Instead of battling data management costs on their own, three giant banks are partnering with SmartStream Technologies Inc. to build a consolidated data management company. By joining hands, the participants believe they can drive down data management costs while boosting data quality.
Indeed, JPMorgan Chase, Goldman Sachs Group and Morgan Stanley plan to launch SPRed (Securities Product Reference Data), a business focused on data management, The Wall Street Journal reported.
Each founding bank is investing more than $1 million in the project, which will allow member companies to "create a stream of consistent data that banks use to help determine pricing and transaction costs." SPReD is expected to launch within six to 12 months, the report stated.
SmartStream Technologies, a software and managed services provider, is central to the SPReD startup effort, according to published reports. The company currently serves 70 of the world's top 100 banks, focusing in such areas as post-trade processing, data management, and trade acceleration services.
Amid the data quality and cost opportunities, the SPReD launch also raises a range of questions. So far, the member companies have not described how much data -- and what types of data -- SPReD will manage. Nor have the member companies publicly described master data management (MDM), data governance or compliance considerations. (Information Management has reached out to the individual companies for additional comment.)
Data Sharing: Opportunities And Challenges
As the digital economy continues to reshape the business landscape, organizations across all vertical markets are exploring potential ways to work together.
Some of the information sharing efforts predate the current big data and cybersecurity waves. For instance, the Financial Services Information Sharing Analysis Center (FS-ISAC), launched in 1999, allows member companies to share cyber and physical threat intelligence analysis with each other.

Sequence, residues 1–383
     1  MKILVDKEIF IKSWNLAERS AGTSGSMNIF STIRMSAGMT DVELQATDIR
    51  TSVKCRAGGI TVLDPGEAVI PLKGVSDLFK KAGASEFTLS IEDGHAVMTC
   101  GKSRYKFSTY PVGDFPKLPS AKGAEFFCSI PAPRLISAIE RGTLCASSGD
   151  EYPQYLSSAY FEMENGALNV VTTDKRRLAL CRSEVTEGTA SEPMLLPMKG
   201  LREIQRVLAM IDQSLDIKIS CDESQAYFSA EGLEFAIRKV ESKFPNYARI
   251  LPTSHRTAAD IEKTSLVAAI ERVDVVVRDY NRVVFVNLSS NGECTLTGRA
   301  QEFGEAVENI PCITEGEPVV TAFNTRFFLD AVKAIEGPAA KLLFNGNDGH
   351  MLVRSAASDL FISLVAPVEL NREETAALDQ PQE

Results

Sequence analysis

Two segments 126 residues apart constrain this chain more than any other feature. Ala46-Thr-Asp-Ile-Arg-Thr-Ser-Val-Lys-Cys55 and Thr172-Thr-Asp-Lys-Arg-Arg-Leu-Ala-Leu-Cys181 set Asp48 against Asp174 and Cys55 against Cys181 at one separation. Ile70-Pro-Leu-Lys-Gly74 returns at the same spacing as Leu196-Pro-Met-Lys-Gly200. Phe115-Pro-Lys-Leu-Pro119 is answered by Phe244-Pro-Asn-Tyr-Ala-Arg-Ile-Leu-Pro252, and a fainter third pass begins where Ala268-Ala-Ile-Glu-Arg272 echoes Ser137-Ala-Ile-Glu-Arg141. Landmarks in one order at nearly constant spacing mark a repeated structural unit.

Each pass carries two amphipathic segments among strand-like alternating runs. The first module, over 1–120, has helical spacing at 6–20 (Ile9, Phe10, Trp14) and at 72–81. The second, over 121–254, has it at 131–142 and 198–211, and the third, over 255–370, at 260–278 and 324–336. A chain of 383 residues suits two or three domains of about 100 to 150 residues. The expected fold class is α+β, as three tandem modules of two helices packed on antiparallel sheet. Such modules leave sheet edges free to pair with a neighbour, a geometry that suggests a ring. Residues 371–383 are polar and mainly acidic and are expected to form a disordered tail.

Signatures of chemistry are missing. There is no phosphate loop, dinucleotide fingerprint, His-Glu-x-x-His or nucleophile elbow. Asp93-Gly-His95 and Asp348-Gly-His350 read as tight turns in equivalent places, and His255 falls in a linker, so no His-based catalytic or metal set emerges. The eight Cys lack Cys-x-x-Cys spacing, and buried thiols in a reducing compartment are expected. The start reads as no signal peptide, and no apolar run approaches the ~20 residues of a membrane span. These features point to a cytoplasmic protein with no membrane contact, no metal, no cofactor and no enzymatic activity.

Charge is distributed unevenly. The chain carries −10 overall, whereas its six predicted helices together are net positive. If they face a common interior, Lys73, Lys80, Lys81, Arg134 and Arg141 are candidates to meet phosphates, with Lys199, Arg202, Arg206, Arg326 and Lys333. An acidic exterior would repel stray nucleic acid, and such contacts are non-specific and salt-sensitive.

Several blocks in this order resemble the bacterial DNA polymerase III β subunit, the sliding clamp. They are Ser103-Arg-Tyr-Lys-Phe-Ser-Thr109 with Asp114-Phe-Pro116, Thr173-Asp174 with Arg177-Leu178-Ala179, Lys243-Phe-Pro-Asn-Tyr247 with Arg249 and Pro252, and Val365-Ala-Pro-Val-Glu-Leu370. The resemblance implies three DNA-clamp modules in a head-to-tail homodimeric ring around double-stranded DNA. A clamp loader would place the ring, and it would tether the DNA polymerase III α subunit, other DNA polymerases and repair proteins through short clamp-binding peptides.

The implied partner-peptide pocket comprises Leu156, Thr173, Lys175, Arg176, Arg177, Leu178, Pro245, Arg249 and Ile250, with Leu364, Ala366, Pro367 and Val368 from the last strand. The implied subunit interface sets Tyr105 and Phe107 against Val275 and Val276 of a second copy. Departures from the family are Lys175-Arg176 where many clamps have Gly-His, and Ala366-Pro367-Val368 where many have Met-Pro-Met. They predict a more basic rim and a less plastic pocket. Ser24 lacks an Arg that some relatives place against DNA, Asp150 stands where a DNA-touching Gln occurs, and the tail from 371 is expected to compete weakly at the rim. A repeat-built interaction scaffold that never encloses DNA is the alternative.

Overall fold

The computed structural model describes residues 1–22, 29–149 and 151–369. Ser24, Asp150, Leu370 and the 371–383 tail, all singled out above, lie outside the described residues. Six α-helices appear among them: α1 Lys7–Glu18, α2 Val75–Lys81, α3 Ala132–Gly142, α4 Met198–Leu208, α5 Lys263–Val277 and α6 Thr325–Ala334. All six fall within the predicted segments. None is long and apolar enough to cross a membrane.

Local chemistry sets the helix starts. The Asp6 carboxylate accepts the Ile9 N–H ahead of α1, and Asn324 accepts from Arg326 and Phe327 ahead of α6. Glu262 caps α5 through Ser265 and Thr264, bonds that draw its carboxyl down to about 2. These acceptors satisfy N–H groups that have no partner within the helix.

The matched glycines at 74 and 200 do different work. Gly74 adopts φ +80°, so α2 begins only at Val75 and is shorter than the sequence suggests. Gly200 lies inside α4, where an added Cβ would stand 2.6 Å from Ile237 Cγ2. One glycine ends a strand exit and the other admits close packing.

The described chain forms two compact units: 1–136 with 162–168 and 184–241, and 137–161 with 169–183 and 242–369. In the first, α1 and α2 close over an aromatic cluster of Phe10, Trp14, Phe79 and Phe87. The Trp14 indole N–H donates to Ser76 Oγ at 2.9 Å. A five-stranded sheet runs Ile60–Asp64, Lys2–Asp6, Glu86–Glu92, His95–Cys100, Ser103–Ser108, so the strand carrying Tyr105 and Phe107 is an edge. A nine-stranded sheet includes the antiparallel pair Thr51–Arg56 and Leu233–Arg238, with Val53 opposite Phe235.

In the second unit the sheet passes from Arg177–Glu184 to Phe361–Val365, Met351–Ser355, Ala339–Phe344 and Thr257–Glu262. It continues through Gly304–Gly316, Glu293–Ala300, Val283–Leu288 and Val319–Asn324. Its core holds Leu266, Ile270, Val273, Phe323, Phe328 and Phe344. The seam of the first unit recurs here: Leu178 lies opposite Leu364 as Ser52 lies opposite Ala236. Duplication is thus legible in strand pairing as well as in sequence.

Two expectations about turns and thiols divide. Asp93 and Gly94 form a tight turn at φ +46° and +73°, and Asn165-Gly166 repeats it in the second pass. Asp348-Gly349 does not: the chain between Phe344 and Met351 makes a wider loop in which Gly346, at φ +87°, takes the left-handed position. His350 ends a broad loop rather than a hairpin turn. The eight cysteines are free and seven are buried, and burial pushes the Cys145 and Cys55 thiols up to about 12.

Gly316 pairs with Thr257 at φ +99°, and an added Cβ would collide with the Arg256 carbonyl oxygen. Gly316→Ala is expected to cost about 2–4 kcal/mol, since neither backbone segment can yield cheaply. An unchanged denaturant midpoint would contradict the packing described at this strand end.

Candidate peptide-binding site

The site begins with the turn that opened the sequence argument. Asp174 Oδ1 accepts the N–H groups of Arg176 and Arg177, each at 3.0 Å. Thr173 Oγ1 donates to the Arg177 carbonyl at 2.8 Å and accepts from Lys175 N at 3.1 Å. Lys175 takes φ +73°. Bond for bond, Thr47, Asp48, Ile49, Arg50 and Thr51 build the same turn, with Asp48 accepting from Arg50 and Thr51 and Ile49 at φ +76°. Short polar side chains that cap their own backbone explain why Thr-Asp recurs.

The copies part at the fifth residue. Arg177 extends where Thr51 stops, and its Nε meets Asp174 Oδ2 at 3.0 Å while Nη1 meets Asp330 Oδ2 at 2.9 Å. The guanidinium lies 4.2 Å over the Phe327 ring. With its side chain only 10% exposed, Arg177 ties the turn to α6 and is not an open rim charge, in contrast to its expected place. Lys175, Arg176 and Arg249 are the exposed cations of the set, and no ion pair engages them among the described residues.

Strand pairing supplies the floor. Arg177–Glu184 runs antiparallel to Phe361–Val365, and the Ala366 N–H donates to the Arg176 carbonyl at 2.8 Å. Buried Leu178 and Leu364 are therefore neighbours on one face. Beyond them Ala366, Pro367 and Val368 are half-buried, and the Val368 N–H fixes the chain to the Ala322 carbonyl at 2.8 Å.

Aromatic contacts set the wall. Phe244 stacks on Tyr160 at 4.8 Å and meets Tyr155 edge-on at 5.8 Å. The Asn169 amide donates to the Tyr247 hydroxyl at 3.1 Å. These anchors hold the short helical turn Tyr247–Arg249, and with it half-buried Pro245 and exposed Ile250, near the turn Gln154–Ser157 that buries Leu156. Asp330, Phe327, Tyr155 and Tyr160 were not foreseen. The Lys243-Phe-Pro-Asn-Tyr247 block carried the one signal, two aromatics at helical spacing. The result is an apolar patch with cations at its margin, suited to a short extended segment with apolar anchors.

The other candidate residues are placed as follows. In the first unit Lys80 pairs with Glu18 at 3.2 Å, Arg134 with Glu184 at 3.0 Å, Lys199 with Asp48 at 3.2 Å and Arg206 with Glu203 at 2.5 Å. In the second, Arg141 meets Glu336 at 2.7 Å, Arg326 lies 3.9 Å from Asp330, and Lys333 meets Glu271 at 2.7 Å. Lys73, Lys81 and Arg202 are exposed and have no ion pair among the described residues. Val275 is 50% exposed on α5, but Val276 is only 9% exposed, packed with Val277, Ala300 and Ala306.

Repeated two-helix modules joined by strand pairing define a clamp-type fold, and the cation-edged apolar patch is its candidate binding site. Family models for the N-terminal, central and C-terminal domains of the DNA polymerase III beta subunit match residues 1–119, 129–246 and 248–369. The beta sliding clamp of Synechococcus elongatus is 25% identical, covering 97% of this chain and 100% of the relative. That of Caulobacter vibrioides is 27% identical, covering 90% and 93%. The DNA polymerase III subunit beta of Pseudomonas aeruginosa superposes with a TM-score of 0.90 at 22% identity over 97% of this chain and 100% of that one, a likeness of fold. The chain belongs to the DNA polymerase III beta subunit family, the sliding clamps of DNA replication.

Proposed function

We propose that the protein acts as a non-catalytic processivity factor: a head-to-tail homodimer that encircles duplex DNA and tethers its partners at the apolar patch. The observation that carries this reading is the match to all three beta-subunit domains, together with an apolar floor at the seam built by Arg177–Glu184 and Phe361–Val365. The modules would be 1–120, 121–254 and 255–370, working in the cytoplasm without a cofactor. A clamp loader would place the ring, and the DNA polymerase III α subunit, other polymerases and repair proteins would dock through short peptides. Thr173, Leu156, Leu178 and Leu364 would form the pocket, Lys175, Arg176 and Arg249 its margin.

More recently, National Retail Federation member companies have pursued an information sharing strategy that leverages the FS-ISAC's best practices. And the Alliance for Automobile Manufacturers -- backed by 12 major automakers -- recently launched an information sharing effort to protect IP-connected cars from hackers.
Despite those areas of progress, a range of factors -- including compliance, privacy and competitive concerns -- has hindered information sharing in some sectors. For instance:
- Technology Sector: President Obama has been pushing companies to share information on Internet threats, but some companies and organizations have pushed back because of timing issues -- particularly when it comes to zero-day threat management.
- Healthcare Sector: Healthcare providers and vendors were blamed for cross-organization information blocking during a Senate health committee hearing in July. Without proper data sharing in place, true EHR (Electronic Health Records) interoperability can't take hold, according to witness testimony at the hearing.
The Upside in Financial Services
Still, the emerging SPReD information sharing effort is quite different. After all, JPMorgan Chase, Goldman Sachs and Morgan Stanley together are focused on a common high-value need: Better data management at lower costs.